3. The Ultimate List of SEO Tools

In this post, we go over SEO tools every digital marketer should know and use. We go over tools in three different areas: keyword research, SEO analysis and link building.

Follow this link if you want to learn more:

4. Five Things You MUST Do To Have A Successful, Thriving Online Business

Learning the five components of running a successful and thriving online business that will help you stand out from your competitors is what you’ll find in this post.

Click on this link to find out more:

5. Five Ways To Tell Google What Your Website Is About

Here you’ll be told about five different elements that help your website make a strong case to the search engines that it’s relevant for specific keywords. These elements will also help you rank higher and generate more traffic to your website.

Click here to read this whole article:

6. How To Effectively Perform Link Prospecting & Outreach via BuzzStream

BuzzStream is a great platform for digital marketers looking to generate good quality links and outreach and is a way to build on relationships you make out of those. We offer a list of resources to help you learn about this tool and how to properly use it.

Check out this post by clicking on this link:

7. Understanding The Different Types of Anchor Text & How To Use Them

In this post we define what anchor text is, give you four types of anchor text and tell how to use them.

Click this link if you’re interested in learning more about this topic:

8. 25 Online Marketing Tools We’re Thankful For This Year

This was a Thanksgiving post where we listed 25 online marketing tools that we are thankful for and that we at Stryde use on a daily basis to help with our job and our clients.

If you want to know more, click this link:

9. Guest Blogging As We Know It Is Dying! Evolve or Move On!

In this post the current guest blogging strategies being used are discussed and why they’re making guest blogging a less effective tactic. We then list and discuss six future guest blogging strategies that are sure to make you successful.

If you’re interested in this topic, click on this link to read the piece:

10. How To Diversify Your Backlink Portfolio

This piece teaches you how to better protect yourself from algorithm updates and about five types of links that should be considered when wanting to diversify your link portfolio.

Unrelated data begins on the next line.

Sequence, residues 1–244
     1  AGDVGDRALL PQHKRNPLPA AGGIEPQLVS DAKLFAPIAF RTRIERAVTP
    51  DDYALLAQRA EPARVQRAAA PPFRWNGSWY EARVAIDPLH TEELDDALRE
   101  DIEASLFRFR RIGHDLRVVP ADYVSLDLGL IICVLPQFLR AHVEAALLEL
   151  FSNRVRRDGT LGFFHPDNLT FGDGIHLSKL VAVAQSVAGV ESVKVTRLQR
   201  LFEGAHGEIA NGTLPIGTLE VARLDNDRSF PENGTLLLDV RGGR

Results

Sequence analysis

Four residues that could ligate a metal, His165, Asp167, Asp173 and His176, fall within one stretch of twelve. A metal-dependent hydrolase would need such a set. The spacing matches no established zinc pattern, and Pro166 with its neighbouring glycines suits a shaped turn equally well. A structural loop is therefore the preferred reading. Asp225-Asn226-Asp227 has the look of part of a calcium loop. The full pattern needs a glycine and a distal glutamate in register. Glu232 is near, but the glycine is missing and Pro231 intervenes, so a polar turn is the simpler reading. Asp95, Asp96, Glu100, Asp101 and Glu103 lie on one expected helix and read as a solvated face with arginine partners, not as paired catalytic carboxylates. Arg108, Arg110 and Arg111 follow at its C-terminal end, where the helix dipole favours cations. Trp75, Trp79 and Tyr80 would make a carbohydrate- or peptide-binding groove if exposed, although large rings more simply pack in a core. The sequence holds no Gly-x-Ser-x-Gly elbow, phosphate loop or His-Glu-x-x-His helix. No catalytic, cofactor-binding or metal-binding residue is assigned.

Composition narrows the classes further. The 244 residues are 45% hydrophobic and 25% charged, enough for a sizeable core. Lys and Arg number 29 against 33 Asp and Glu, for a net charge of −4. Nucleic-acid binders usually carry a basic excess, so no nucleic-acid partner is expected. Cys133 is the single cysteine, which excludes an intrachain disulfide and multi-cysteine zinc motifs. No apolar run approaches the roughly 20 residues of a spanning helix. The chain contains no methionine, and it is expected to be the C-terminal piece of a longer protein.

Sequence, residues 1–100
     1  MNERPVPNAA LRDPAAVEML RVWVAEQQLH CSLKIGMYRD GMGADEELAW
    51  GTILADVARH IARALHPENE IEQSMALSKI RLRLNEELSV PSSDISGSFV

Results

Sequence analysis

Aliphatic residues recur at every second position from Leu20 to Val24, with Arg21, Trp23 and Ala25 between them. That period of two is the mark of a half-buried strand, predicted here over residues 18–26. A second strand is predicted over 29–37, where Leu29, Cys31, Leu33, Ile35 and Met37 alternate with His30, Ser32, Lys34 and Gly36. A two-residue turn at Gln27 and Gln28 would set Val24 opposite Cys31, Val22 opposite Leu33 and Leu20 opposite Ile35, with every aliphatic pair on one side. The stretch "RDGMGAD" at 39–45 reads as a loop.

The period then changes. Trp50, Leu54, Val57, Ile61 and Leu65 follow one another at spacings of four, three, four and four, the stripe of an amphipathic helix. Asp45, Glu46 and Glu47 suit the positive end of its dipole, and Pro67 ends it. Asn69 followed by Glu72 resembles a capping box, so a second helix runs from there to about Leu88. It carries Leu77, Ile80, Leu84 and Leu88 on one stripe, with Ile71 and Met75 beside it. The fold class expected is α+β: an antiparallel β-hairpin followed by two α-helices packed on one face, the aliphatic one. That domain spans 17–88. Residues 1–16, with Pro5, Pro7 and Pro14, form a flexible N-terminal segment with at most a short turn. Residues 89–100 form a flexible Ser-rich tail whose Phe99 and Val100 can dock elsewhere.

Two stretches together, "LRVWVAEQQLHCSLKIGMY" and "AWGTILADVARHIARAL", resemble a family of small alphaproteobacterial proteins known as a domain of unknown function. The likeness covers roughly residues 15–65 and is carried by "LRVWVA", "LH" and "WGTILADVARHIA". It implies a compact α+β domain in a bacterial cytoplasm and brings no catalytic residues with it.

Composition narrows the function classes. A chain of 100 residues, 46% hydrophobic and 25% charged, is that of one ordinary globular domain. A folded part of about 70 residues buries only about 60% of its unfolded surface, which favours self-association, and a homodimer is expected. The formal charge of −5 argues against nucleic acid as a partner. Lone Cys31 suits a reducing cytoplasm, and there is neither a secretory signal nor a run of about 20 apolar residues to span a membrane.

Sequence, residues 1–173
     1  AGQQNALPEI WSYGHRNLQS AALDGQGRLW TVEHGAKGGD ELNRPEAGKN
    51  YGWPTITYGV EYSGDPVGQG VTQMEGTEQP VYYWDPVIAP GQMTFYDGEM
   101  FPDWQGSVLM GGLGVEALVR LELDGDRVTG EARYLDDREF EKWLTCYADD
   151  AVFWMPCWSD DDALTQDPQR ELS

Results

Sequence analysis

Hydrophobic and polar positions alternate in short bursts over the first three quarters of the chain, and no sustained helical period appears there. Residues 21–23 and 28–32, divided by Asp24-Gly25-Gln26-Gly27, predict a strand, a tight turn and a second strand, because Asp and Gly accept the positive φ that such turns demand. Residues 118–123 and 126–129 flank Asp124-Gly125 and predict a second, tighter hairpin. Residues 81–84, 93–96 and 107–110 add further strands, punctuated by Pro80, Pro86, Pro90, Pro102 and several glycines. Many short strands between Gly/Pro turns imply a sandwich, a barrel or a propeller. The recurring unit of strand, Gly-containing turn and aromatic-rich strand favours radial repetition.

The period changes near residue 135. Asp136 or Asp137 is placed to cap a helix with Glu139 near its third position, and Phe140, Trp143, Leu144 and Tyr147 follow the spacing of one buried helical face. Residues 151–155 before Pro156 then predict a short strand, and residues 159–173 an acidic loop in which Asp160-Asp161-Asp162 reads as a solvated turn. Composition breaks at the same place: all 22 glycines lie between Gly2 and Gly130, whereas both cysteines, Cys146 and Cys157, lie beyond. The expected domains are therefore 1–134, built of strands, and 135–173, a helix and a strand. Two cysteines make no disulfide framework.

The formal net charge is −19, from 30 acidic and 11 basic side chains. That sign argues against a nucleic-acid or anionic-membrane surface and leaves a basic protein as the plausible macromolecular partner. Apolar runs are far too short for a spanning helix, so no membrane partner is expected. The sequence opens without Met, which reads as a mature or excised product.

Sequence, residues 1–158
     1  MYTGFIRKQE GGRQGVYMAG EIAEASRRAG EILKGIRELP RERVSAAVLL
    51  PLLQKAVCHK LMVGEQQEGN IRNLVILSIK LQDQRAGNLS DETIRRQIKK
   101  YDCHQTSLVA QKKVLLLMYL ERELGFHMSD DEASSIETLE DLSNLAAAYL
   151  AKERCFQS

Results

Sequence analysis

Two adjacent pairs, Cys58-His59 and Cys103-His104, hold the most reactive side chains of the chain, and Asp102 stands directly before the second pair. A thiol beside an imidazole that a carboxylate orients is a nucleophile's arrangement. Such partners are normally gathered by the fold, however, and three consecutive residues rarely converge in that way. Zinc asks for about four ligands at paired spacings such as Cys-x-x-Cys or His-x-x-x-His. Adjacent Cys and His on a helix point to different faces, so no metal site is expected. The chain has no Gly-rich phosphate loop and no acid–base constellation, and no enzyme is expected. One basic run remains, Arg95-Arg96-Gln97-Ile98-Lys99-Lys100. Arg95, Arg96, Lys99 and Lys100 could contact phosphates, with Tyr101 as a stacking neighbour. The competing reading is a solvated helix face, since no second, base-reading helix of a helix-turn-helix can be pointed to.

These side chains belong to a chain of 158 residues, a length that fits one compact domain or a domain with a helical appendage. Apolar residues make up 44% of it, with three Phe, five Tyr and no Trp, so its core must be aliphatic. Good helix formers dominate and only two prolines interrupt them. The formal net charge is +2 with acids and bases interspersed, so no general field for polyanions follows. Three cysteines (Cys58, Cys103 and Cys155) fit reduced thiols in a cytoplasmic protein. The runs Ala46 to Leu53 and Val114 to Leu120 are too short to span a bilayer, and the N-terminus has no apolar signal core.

Click on this link to read this entire article:

We’re really looking forward to 2014 and continuing to add value to the online marketing community through our blog.

Google’s Matt Cutts on Guest Blogging as Spam

By | Blogging | 2 Comments

The trendiness of guest blogging is catching on and with it, arises a few questions and concerns with regards to spam. Users are wondering about the effects of guest blogging, how it might be considered spam, and whether Google will consequently penalize guest blogging sites. Matt Cutts, head of Google’s Webspam team, clears up some of the skepticism and provides his own insight on the proper way to use guest blogging.

What about Guest Blogging?

For many bloggers, guest blogging is a tactful method to direct traffic to their site by posting on other blogs that link readers back to their site, in turn, increasing its’ search engine rankings. While this method has the potential to turn out high results, guest blogging can be considered spam if not executed tactfully. Matt explains that Google recognizes the significant difference between high vs low quality blogging and offers the following recommendations for bloggers to promote quality content:

Don’t make it your only method. When done correctly, guest blogging may help increase traffic and ratings, but use this tactic in moderation. Over using isn’t the best way to build your site’s reputation.

Don’t email blast. Mass emails, offering to guest blog seem impersonal and ingenuine and are more likely to be be picked up as spam.

Don’t reuse. Posting the same article on two different blogs or even spinning an article to post on multiple blogs isn’t producing original work.

Don’t abuse. Be sure that you are writing content that is relevant to the blog on which you are posting and not just a dropping a laundry list of keywords in the anchor text.

Do create organic work that will “earn links on the basis of merit” and credibility. The most successful guest bloggers are those who produce original work and rely on their expertise on the subject, rather than an overload of keywords, to direct traffic and boost ratings.